Which all paved the way for the wedding itself, an early evening, outdoor affair in the grounds of the 19th Century William Aiken House, home to the ceremony and the initial celebrations as US and British cultures came together (one seems more comfortable in front of a camera and audience).

The evening moved on – until that seemingly magical 2am Charleston cut-off – at the adjoining American Theater, an old-style converted cinema which hosted a live band which provided the soundtrack to a memorable evening and the backing for the would-be singers to climb on stage, including the bride’s version of Don’t Stop Believing backed by her new husband on drums.

A lovely way to round off a wonderful week before, over the space of the next few days, goodbyes were said and we headed off, either home or to a brief bout of further travelling.

My second week took me down the coast (of which more in a later post) to Savannah, Georgia and, via a figure of eight, up to Wilmington, North Carolina before heading back to a flight home from Charleston via Newark and a rather fortuitous upgrade to business class (again, more to come).

The soundtrack to that second week contained the customary frustrations of US FM radio – no sooner have you found a station worth listening to than it fades out and you have to go searching for something else.

My iPod supplied a welcome break from all that but not with the A-Z challenge, which took a break for the fortnight after reaching 1,200 with Broken Household Appliance National Forest by Grandaddy.

SophtwareIt’s a great track, but it is one of those which somehow sounds so much better when listened to as part of the album which gave birth to it, in this case the excellent Sophtware Slump.

One of the tracks which popped up just before heading up was The Boy With The Thorn In His Side by The Smiths, which also appeared late one night amid a slightly indie 80s playlist which mixed with those mysterious quacking noises on a rooftop bar in Downtown Charleston. Great company, great music, great setting.

The Cure popped up multiple times (both on the rooftop and out on the road), as did Echo and the Bunnymen (rooftop only) and they both appeared on the A-Z with, respectively, Boys Don’t Cry and two airings of Bring On The Dancing Horses.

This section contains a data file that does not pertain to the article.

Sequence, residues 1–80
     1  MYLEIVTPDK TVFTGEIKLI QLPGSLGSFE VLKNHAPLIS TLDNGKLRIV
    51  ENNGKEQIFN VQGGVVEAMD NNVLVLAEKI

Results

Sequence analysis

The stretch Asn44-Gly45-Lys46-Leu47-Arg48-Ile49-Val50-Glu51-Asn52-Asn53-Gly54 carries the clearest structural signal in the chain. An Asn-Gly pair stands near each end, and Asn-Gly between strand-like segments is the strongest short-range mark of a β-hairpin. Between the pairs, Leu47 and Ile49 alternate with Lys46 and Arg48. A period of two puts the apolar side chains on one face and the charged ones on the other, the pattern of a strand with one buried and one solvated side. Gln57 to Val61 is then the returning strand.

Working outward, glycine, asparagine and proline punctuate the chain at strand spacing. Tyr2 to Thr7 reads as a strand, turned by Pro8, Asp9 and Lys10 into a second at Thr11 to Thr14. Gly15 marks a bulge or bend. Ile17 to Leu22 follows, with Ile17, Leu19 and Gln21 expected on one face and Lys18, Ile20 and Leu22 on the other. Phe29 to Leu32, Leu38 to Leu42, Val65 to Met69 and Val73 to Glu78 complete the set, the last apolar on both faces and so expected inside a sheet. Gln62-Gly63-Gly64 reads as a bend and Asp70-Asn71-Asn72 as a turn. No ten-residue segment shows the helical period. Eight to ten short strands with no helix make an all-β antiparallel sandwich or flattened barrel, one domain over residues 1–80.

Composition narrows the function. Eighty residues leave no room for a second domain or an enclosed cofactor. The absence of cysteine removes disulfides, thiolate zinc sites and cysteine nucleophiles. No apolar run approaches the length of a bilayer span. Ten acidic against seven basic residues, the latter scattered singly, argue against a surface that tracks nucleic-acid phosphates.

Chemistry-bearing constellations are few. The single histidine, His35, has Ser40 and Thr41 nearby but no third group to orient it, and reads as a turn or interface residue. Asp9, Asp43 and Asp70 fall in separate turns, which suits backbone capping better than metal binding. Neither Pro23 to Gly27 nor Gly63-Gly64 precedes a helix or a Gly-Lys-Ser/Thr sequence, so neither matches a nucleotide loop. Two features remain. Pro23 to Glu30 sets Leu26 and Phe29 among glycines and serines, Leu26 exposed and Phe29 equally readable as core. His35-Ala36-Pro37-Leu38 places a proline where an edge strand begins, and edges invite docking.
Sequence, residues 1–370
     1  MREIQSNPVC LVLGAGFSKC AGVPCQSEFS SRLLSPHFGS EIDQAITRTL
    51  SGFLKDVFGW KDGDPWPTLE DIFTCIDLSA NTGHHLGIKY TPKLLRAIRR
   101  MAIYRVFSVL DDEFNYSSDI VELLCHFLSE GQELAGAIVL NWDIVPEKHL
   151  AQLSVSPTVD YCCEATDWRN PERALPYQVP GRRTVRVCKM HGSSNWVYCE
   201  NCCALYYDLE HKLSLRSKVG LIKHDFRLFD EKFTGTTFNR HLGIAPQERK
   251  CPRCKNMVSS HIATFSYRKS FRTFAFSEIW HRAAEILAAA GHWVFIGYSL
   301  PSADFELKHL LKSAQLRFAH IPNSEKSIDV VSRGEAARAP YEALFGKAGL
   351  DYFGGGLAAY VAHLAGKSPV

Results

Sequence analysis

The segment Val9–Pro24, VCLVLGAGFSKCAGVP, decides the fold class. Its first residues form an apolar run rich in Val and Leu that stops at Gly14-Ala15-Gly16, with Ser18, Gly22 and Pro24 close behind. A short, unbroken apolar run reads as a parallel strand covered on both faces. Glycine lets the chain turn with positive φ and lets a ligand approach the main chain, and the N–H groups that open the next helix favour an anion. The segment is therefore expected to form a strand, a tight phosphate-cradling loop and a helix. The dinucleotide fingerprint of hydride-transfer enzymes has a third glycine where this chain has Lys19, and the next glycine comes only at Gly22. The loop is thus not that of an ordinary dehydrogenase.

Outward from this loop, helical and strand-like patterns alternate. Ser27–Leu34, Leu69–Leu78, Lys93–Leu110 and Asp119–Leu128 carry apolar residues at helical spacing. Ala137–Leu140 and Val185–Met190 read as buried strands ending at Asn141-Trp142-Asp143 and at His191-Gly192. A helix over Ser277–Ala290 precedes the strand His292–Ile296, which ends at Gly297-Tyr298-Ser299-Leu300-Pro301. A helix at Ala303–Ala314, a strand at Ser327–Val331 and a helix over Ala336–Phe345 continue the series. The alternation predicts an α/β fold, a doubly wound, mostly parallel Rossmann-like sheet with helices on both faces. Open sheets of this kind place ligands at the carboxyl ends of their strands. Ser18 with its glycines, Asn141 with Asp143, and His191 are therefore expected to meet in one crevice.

Belle & Sebastian kicked off this section and reappeared with their classic The Boy With The Arab Strap (now safely reclaimed from ubiquity from its spell as the theme for Teachers), while Paul Simon popped up both solo (The Boy In The Bubble) and alongside Art Garfunkel with Bridge Over Troubled Water also covered by Johnny Cash.

An excellent little run also included three versions of Bring The Noise by Public Enemy, two of Brimful of Asha by Cornershop, Breed by Nirvana, the guilty pleasure which is Brilliant Mind by Furniture and three outings for Brassneck by The Wedding Present.

Which seems fitting.

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The Bell to Birds Flew Backwards

“And now I know how Joan of Arc felt…”

THAT is if Joan of Arc had a week crammed with Glastonbury (from the safety of my sofa), football, the ongoing saga of my house and bemoaning the non-working electric windows in my car. Doubt it somehow, but we both got a bit hot.

Having repeatedly fallen out of love with over-hyped, over-commercialised, over-scrutinised Premier League football, it has been refreshing to sit down, watch the World Cup and remember the drama, thrilling moments and unpredictability which made so much of the globe fall in love with it in the first place.

We'll get there, just read on...
We’ll get there, just read on…

The latest chapter in the story of my house was supposed to be the last one – it being taken off the market with three new tenants due to be moving in yesterday and taking delivery of  a new bed for the middle bedroom.

Instead, with a reference form still unreturned to the agents, the move-in date is in danger of being moved back – again – and it needed a hurried dash from the osteopath’s table in Cheltenham to Cardiff to await the bed.